Currently on View in H213
Richard Wilson spent much of the decade of the 1750s in Italy, living in both Venice and Rome. Upon his return to England around 1759, he quickly became the preeminent English painter of the classical landscape.
Apollo and the Seasons provides an early example of the picturesque landscape tradition in England. In such works, the genres of landscape and history painting overlap in a way that validates an aesthetic response to nature through nostalgic references to classical literature and mythology. The inclusion of a ruined temple bathed in golden light heightens these literary associations.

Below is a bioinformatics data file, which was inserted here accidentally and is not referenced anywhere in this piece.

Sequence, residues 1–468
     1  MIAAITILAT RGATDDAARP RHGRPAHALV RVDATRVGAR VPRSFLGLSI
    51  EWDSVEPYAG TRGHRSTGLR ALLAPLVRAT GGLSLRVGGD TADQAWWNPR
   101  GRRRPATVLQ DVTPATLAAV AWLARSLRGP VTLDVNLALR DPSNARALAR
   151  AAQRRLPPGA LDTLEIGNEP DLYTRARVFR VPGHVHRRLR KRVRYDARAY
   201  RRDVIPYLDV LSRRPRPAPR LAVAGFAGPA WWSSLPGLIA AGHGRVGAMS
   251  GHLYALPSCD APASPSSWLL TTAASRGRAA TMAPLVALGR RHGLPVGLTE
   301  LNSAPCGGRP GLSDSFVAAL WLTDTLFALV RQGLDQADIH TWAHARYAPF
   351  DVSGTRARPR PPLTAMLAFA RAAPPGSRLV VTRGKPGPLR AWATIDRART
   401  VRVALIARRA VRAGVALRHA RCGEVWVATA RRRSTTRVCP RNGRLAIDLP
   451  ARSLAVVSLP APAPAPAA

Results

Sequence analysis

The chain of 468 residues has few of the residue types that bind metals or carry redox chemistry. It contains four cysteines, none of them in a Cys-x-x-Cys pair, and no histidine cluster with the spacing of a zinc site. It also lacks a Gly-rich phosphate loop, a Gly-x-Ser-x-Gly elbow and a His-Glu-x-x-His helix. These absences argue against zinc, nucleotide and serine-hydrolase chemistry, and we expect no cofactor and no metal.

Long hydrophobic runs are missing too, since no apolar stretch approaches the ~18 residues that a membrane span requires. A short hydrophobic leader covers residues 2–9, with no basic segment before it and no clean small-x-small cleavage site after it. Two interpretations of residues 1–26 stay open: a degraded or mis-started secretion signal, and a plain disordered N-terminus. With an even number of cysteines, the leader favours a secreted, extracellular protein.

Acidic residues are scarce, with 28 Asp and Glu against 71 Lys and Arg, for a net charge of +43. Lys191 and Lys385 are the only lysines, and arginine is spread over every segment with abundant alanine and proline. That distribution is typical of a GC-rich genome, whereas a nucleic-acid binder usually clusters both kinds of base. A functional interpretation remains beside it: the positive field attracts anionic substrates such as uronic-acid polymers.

Provenance research is on-going at the Indianapolis Museum of Art. Please contact Annette Schlagenhauff, Curator of Special Projects, at firstname.lastname@example.org, if you have questions, or if you have additional information to share with us.